"The British are just another pack of  pharisee," says Yakobo Mutiti who wonders why a minister is banned while diplomatic relations is maintained with Kenya.
I am a Kenyan. I do not defend the Kenyan minister, neither do I have reason to support the regime of the Kenyan government.
One thing stands clear, however. The British government and its foreign office continue with the "holier than thou" attitude that has characterised the Commonwealth henpecking for a long time. Mr Murungaru came into office less than three years ago; the Kibaki government  has inherited a system that was ravaged and looted for over forty years. It has not been easy for the new government to dismantle the old structures and even the mentality.
When Britain tries to control or influence how the Kenyan government is run, or tries to interfere with the appointment of who should be in any position in government, this is hypocrisy of the highest order. Britain's problem with the current regime in Kenya is said to emanate from the fact that Kibaki's kitchen cabinet to which Murungaru has been said to belong moved at some point to shoot down some multi-million government tenders that have traditionally been reserved for British Multi-national companies.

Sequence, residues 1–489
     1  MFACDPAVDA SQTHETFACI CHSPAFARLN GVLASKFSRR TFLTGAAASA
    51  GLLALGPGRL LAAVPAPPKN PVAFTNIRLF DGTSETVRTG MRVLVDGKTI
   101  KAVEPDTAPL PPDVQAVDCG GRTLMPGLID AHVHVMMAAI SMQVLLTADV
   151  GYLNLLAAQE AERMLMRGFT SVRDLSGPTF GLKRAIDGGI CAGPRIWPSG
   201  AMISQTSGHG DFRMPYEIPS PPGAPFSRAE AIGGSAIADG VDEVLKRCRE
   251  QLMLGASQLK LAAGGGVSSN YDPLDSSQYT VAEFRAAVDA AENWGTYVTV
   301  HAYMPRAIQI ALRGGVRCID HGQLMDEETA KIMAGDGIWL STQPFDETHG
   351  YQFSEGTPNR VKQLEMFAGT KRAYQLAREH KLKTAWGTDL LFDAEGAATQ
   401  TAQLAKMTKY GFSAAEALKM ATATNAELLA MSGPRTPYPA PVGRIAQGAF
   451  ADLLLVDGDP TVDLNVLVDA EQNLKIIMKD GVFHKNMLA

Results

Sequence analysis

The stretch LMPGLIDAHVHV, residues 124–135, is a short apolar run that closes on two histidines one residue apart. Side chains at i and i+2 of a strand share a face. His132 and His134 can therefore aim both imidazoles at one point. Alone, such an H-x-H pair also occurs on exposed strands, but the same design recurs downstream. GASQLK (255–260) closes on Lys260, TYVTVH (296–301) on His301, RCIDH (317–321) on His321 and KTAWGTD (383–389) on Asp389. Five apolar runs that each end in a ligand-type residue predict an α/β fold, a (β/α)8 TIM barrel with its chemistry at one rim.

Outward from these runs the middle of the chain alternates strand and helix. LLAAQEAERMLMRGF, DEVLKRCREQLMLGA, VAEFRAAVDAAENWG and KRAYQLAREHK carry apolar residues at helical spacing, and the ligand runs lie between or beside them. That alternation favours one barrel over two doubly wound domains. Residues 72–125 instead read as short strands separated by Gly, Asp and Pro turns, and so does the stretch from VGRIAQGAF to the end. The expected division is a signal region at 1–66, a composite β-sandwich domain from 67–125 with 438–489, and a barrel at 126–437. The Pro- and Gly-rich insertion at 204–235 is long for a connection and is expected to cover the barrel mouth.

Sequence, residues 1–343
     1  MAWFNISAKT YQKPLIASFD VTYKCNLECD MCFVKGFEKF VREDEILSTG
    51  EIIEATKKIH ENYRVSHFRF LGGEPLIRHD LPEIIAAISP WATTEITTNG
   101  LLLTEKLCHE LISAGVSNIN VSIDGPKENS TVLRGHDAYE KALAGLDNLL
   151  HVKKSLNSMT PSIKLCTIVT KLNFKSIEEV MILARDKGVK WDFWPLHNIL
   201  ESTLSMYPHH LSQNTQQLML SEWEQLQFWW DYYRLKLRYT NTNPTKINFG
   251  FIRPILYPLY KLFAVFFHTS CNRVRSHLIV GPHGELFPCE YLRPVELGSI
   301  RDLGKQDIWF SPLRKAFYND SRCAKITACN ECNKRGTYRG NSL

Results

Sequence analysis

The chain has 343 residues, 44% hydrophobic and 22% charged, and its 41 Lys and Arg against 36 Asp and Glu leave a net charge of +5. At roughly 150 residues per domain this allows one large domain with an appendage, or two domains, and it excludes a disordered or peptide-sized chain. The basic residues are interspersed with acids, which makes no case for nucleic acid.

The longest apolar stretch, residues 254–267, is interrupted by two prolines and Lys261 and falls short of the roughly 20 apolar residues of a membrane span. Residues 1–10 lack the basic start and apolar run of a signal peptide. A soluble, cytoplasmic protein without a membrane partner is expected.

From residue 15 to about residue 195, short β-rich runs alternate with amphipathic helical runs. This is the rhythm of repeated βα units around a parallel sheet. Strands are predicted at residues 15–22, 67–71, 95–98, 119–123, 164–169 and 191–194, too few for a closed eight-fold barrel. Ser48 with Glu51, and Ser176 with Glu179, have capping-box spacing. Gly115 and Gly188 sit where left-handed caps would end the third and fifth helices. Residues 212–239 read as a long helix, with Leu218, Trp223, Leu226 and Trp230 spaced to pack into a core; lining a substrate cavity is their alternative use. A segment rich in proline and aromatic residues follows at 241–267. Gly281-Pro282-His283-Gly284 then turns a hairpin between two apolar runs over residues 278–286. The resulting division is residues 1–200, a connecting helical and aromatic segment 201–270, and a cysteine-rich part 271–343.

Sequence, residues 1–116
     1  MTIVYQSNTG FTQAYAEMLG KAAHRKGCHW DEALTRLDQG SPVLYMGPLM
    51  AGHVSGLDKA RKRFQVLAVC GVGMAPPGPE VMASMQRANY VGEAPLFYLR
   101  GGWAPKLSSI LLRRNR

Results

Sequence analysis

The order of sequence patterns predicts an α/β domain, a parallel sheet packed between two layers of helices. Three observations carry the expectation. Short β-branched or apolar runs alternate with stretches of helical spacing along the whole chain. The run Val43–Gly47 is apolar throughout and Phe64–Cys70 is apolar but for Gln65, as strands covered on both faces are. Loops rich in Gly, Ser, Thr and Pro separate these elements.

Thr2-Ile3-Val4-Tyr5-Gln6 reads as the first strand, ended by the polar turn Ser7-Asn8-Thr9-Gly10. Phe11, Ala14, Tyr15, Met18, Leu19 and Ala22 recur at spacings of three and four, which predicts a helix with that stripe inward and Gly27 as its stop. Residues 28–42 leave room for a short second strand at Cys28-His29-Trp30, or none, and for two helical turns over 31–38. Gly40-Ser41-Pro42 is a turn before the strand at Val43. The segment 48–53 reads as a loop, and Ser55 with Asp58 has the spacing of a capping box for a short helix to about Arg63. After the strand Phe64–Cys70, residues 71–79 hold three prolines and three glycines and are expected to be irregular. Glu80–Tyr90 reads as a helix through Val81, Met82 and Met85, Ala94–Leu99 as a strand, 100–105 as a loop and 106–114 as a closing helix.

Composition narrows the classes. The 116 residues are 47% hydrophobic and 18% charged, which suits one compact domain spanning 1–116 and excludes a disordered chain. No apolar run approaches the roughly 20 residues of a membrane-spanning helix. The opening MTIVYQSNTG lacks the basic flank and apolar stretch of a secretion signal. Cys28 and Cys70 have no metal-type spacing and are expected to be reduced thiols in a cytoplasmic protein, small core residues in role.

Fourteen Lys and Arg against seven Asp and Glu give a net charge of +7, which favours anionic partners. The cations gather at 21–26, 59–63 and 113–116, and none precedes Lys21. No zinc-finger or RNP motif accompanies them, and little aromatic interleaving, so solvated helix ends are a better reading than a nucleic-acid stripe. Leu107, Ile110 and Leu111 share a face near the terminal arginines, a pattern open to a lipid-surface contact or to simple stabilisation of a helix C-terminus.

The ministers argued that since Britain was in the lead in the putsch for transparency and accountability in regard to the running of Kenya government affairs, then they as well were to be subjected to healthy competition. In open bidding, the British companies were no match to those from Germany, Japan and China.
It does not make any sense for Britain to ban one minister and to continue with diplomatic ties with Kenya. If the British have clear evidence of corrupt practices on behalf of the minister, they should bring it out in the open, and lobby for his removal. If they are unable to influence the sacking of Murungaru just because they hate him, or he messed up their countrymen's fortunes, they must put up or shut up.